"You will, of course, not be aware of it, but Koen over the last three years has benefited greatly from what Wakatsuki has done for her. He provided not only for her mother but also for her younger sister. He saw to it that she was trained in reading and writing, in the traditional performing arts, and in whatever happened to strike her fancy. Koen had been granted a dancing name by one of the masters. She is also said to be preeminent among Yanagibashi geisha for the nagauta. She can compose hokku and is a skillful kana calligrapher in the Chikage style. And that is again thanks to Wakatsuki . . . As I knew all this, I could not help feeling, I am sure more than any of you, utterly dumbfounded by the absurdity of it all.
"Wakatsuki told me that he had given no great thought to the breaking of ties with the woman. And yet he said that he had spared no effort in supporting her education and shown understanding for whatever it was she wished to do. He had sought to train her as a woman of broad interests and tastes . . . Such had been his hopes, and now they had been dashed. If she had to take up with a man, it should hardly be a balladeer. If even after all manner of devotion to performance art, a person's fundamental character has not improved, it is truly a loathsome thing . . .
"Wakatsuki went on to say that over the last half year, the woman had also become prone to hysterical fits. For a time, she would exclaim - 'Today I have played the shamisen for the last time!' - or some such and then burst into childish tears. And when again he asked why she was weeping, she would argue quite irrationally that he did not love her and that that was why he was having her trained in music and dancing. At such times, she gave no indication of hearing anything he had to say but instead would merely bitterly and endlessly accuse him of heartlessness. Eventually, of course, such paroxysms would cease, the entire episode made a laughing matter.
"Wakatsuki also said that he had heard that Koen's lover, the ballad singer, was an unmanageable ruffian. When a waitress in a chicken-brochette restaurant with whom he had a liaison took up with someone new, he seems to have got himself into quite a scuffle with the woman, causing her considerable injury. Wakatsuki had also heard various ugly rumors about the man: that he had been involved in a failed double-suicide pact, that he had eloped with the daughter of an arts teacher . . . What possible discernment on Koen's part, he asked, could be seen in her willingness to become involved with someone like this . . .?
"As I have said, I could not help feeling disgusted at Koen's dissolute conduct. And yet as I listened to Wakatsuki, I felt a growing sympathy for her. Of course, it may well be that in him she had a patron of a sophistication that is quite rare in today's world. And yet did he not himself admit that separating from her was of no consequence to him? Even if we assume that in saying so he was endeavoring to spare himself humiliation, it is clear that he felt no fierce passion for her. Now 'fierce' is the word to describe the balladeer, who, out of sheer odium for the heartlessness of a woman, inflicted serious bodily injury on her. Putting myself in Koen's place, I think it perfectly natural that she would fall for the vulgar but passionate balladeer over the cultured but phlegmatic Wakatsuki. The fact that he had her trained in all the arts is evidence that he had no love for her. In all of this, I saw something more than hysteria: between the two, I detected a chasmic difference in perception.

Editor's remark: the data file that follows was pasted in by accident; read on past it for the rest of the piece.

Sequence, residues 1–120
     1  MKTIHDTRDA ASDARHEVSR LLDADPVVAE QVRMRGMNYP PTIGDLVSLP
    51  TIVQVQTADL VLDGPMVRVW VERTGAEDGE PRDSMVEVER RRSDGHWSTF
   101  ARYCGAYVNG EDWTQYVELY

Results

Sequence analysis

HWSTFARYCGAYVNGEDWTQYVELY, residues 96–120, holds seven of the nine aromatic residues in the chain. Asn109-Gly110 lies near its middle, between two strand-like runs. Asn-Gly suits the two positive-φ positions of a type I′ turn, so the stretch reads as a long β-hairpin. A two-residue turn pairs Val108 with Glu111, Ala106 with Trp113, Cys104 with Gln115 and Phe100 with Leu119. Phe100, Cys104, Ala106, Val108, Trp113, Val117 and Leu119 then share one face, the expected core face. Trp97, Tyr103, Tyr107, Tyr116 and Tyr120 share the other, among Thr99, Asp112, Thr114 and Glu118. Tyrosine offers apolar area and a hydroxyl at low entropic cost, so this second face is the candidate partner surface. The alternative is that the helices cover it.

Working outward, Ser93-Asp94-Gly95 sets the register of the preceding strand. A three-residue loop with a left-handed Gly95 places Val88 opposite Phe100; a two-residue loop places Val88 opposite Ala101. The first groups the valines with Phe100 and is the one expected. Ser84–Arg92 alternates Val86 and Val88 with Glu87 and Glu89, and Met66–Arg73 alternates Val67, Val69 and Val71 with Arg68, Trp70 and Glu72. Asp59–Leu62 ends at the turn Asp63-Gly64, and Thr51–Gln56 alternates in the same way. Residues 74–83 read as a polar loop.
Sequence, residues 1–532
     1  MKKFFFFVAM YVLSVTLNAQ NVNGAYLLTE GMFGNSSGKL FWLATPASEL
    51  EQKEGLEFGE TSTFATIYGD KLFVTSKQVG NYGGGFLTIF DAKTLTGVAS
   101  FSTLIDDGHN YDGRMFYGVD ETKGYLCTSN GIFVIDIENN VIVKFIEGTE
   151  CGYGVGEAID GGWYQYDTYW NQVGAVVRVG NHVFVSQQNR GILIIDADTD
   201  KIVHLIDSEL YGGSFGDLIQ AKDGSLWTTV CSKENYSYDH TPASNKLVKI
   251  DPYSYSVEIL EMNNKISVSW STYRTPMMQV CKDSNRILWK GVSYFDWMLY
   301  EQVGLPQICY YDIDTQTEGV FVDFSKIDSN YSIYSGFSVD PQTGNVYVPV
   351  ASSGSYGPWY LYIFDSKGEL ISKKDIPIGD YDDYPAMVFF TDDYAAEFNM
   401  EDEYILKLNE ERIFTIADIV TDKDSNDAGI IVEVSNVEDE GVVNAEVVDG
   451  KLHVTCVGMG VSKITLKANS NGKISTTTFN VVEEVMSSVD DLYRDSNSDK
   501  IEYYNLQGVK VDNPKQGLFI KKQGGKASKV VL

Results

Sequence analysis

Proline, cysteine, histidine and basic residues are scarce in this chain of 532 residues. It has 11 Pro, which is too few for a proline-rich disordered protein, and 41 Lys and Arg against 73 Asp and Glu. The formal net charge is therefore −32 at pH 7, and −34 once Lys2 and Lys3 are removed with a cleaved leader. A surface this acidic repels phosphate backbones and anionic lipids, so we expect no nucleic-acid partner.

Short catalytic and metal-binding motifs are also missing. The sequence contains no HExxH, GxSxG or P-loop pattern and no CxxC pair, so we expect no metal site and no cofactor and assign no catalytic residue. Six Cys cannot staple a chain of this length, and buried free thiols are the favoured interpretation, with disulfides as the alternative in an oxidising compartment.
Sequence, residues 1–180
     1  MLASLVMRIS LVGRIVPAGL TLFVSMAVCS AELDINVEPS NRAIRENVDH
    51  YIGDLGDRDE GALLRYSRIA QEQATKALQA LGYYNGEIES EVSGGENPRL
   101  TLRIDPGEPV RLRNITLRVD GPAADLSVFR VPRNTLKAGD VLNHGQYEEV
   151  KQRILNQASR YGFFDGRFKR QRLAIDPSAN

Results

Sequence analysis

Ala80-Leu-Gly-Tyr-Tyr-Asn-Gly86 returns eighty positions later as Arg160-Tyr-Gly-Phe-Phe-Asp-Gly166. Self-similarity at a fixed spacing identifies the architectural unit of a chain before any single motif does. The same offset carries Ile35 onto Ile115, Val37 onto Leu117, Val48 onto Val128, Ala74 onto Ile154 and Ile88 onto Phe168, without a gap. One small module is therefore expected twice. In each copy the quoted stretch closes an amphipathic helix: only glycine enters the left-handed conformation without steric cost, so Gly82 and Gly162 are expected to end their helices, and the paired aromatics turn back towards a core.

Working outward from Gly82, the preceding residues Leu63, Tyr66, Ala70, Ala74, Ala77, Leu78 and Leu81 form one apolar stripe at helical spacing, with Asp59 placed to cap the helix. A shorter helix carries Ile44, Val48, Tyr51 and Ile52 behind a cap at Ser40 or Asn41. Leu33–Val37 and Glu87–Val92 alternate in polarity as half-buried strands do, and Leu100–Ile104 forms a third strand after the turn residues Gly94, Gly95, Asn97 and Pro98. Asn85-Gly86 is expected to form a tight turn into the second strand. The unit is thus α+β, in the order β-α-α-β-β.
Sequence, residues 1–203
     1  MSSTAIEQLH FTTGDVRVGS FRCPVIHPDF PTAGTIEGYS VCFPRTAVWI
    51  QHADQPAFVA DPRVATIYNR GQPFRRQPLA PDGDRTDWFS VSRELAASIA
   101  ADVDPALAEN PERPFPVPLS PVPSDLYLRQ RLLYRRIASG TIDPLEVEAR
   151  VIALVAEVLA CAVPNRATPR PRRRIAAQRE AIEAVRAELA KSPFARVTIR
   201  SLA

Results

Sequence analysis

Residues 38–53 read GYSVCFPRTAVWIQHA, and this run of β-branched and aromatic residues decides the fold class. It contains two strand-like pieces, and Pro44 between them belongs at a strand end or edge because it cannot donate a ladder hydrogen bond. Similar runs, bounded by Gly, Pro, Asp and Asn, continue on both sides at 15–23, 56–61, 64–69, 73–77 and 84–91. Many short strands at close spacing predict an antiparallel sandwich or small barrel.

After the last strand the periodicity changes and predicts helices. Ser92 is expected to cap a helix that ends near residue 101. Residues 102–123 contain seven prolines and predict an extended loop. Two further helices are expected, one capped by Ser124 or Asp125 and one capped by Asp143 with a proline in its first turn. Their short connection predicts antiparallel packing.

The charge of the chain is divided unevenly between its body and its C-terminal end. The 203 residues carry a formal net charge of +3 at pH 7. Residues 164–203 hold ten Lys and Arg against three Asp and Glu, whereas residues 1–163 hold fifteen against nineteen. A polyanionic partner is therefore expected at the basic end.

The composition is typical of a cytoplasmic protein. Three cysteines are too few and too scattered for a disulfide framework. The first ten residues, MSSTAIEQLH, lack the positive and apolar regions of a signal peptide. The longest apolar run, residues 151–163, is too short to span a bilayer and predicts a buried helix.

"Yet I do not intend to bestow for her sake my blessing on the liaison with the balladeer. No one can say whether or not she will achieve happiness . . . But if unhappiness is the result, then the curse should fall not on the other man but rather on Seigai the Sophisticate for driving her into his arms.
"Now Wakatsuki, like the men of the world he personifies, may, as individuals, be charming and lovable. They understand Basho; they understand Tolstoy. They understand Ike no Taiga and Mushanokoji Saneatsu. They understand Karl Marx. Yet what is the result? Of fierce love, the joy of fierce creativity, or fierce moral passion they are ignorant. All in all, they know nothing of the sheer intensity of spirit that can render this world sublime. And if they are marked by a mortal wound, they surely also contain a pernicious poison. One of its properties is direct, enabling it to transform ordinary human beings into sophisticates; another works by way of reaction, making them all the more common. Someone such as Koen is a case in point, is she not?
"As we know from time immemorial, thirst will drive one to drink even from muddy water. That is to say, if Koen had not been in Wakatsuki's milieu, she might not have wound up with the balladeer.
"If, on the other hand, she finds happiness . . . Well now, I suppose to the extent that she has her new lover in place of Wakatsuki, she has already found it. What was it that Fujii said just now? We all find ourselves riding the same merry-go-round of life and, at some moment as we turn, encounter 'happiness,' only to have it pass us by in the very moment that we reach out for it. If such is truly our desire, we should jump off . . . Koen has, as it were, dared to do just that. Such fierce joy and sorrow is something that the likes of Wakatsuki and other men of the world do not know. As I contemplate life's value, I shall willingly spit on one hundred Wakatsukis, even as I honor and revere a single Koen.
"What say you all to that?"
Wada's tipsy eyes shone round the silent room, but Fujii at some point had put his head down on the table and was now blissfully and soundly asleep.
End of An Evening Conversation by Ryunosuke Akutagawa